What then? Perhaps a temporary tourist visa which requires her to frequently leave and stay outside for months at a time before being permitted to return. Something which would likely be a hardship when she neither has a ‘home’ outside India nor… get this… is she any longer permitted to own her ‘home’ in India.

Because after all, property can only to be owned by citizens or those with OCI status. So she has to wave ‘bye bye’ to her home too as well as having to leave the country.

Anything else? Maybe try to get Indian citizenship which requires her to renounce her British passport… however there are no guarantees.

Surely there must be some compassionate ground to treat with dignity and not “evict” a woman who adopted India as her home so long ago?

And a little voice quietly asks, is this going to be my future as well?

Perhaps there are other options and perhaps there are additional factors to her story unknown to me.

Yipee! Landed in Tokyo!

“Madame, there is a plane in your future…”

However I delved further to check… and sure enough the re-invented OCI is not actually “lifetime” for foreign spouses of Indians. The OCI holder is to leave India on divorce or death of the Indian spouse.

Always have an exit strategy

A clear reminder that even if your life today in another country is possible and opens a wonderful world of experience in your spouse’s country of origin, that may not always be the case.

One is always subject to the whims and fancies of the government in power and the laws of the land which can change.

These stories are not unique and I’m sure there are even more maddening ones out there. Care to share?

PS I’m no expert in these matters, just interested in understanding such issues. If anyone out there is an expert, pretty please do share!

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10 Comments

  1. TheLastWord says:

    That’s a really sad state of affairs. I hope the old lady has some recourse. Maybe you should file for Indian citizenship quick!

    Indian requests for documentation are baffling at best and downright stupid at worst.

    I remember the visa application ( or was it the OCI ) has a part A and part B where part B is only your address in your own country. Not sure why it needed a separate form.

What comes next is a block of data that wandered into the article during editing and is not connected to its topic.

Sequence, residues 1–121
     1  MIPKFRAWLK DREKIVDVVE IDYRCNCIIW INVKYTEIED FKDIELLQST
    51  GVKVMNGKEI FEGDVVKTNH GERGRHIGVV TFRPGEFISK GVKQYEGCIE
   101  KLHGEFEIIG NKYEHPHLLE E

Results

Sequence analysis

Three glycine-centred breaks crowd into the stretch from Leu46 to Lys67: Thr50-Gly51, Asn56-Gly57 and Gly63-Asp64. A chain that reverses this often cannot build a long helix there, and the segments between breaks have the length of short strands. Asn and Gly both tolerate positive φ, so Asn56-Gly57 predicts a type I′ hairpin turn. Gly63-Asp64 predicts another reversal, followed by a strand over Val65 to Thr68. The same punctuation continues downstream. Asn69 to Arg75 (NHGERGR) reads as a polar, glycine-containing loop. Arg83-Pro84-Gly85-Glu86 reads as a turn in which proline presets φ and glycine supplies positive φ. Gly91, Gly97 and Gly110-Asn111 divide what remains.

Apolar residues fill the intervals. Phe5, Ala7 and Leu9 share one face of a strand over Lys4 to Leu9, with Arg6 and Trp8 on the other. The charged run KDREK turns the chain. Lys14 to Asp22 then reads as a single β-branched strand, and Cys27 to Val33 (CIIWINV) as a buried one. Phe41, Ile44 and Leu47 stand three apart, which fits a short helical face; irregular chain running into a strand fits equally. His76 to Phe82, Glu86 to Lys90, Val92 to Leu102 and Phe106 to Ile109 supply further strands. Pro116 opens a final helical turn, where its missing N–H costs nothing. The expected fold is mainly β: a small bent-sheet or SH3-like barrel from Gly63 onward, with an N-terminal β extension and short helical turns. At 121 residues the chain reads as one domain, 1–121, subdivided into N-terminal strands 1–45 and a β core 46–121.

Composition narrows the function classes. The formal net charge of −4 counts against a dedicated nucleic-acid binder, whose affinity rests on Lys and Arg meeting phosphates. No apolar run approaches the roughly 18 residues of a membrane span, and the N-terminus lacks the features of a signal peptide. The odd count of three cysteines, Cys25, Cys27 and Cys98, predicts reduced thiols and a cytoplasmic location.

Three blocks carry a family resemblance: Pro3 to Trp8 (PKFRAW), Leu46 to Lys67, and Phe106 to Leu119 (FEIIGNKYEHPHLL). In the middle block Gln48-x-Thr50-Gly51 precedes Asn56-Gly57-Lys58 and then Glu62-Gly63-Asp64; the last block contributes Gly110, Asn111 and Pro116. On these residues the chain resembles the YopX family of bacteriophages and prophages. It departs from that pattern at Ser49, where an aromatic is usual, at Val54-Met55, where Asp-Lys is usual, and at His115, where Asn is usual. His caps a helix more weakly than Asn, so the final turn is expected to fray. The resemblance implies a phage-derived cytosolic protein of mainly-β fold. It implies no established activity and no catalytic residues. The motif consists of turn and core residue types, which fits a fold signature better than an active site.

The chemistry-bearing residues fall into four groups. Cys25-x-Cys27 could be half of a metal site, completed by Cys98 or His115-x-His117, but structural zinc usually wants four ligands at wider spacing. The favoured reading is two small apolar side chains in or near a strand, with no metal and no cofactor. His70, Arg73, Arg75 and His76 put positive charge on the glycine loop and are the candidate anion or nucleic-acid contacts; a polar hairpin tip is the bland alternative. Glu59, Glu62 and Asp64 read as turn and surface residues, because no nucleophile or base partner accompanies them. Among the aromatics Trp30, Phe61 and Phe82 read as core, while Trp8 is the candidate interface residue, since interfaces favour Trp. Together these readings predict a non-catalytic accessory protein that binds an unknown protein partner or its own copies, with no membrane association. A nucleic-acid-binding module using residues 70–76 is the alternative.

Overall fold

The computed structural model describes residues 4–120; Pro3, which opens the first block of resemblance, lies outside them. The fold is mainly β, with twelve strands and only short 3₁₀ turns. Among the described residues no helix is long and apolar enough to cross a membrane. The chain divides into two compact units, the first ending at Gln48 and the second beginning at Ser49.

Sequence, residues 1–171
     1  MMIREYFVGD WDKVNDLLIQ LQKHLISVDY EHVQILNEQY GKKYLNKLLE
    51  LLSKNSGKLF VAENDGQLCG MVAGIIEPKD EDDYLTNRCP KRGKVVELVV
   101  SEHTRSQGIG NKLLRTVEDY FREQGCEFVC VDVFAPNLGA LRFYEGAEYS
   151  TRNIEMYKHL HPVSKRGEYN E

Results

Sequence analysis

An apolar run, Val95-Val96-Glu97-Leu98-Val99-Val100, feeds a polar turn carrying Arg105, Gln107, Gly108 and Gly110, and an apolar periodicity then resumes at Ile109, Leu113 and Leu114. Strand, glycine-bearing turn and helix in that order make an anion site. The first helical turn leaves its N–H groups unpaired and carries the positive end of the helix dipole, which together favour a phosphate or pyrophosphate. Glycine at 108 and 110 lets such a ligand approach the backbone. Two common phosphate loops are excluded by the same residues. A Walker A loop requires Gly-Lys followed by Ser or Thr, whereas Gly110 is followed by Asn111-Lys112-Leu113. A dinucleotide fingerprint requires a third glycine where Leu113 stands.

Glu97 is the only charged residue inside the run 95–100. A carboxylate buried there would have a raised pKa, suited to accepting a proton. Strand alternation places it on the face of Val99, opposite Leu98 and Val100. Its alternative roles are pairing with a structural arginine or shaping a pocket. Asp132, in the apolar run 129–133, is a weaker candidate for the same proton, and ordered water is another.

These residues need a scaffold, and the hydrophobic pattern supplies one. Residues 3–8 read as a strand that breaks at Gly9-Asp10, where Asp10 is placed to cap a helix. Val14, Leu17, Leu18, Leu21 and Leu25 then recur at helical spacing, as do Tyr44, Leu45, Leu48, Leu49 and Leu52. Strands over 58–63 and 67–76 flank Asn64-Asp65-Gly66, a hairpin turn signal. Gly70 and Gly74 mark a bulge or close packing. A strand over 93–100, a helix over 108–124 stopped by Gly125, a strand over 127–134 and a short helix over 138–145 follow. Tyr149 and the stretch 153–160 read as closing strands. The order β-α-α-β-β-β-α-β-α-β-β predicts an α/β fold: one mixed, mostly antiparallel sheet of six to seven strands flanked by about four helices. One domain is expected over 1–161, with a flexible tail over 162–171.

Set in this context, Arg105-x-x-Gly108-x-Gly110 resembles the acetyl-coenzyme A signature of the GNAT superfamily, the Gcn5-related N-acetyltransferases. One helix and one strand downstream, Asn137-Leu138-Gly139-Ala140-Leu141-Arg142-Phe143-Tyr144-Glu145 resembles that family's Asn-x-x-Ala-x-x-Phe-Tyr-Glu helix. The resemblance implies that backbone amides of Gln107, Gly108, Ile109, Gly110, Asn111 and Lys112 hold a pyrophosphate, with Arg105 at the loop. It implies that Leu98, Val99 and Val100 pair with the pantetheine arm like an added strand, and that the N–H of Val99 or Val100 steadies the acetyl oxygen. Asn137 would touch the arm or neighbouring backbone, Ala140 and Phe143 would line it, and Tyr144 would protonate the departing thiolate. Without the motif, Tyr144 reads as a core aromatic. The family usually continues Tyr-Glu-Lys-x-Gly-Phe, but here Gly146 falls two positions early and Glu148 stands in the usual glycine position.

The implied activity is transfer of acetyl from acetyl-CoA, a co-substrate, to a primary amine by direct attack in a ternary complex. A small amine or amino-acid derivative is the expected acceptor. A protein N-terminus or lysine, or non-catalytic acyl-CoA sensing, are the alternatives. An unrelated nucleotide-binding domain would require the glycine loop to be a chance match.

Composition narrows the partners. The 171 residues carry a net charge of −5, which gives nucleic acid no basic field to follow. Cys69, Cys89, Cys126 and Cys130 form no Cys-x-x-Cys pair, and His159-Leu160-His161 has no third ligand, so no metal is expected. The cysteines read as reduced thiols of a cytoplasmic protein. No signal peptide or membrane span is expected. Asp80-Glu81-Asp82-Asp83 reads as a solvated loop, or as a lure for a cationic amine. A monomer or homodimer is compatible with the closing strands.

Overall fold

And then when you go to the counter you’re told (a) you have the wrong form ( downloaded from the official website) (b) you filled it in incorrectly because you wrote down what it asked for and not what the babu who designed it wanted you to write down or (c) there is an additional form only available at the counter.

    • I hope she does too! And I’m most amused by your OCI experience – sad but true!

      However as for getting Indian citizenship I’m honestly hesitant to relinquish my Canadian citizenship given how arbitrary things get here and the challenges for an Indian passport holder to acquire visas for most of the countries I regularly need to go for projects. Realise this is a bit of ‘wanting my cake and eat it too!’ kinda thing but my livelihood would be jeopardised. So far, I’m still in a ‘wait and watch’ mode…

  2. Karolyn Cooper says:

    That’s a fascinating post. I’ve seen some friends deal with cross-border issues at the beginning of their relationships – but I’d never thought about what happens at the end.

    • Yeah… makes you realise that there can continue to be hurdles – even divorce or demise of a loved one when in a cross-border relationship can have complications. Not something one wants to consider but a reality nonetheless. It is the arbitrary nature of it in India that is particularly challenging – you know the country well enough to know that what is true today (or on paper) isn’t necessarily the case tomorrow (or in reality). 😉

  3. D K Powell says:

    Appalling. But not really surprising. The UK visa situation isn’t much better I suspect.

  4. so sad to hear about the old lady’s story! Is there no right to appeal? Doesn’t surprise me though with the FRRO…
    The thing that really doesn’t make any sense to me is that while you are waiting for your OCI on an X visa you can’t work. I’m sure the Indian government is doing itself out of a whole load of tax from earnings of foreigners married to Indians who would otherwise be working whilst waiting for their OCI! Bizzare…

    • Isn’t it just? Really makes you wonder… however at least the x visa permits on to be with the Indian spouse. And we all know the work around is to open a business in the Indian spouses name.

      However for the older lady, anytime I share this story, folks are appalled. A journalist friend immediately wanted to make a big ‘hue and cry’ however as I do not know how to track down this lady and get a fuller picture, let it drop. Yet the facts remain – no living Indian spouse? No OCI!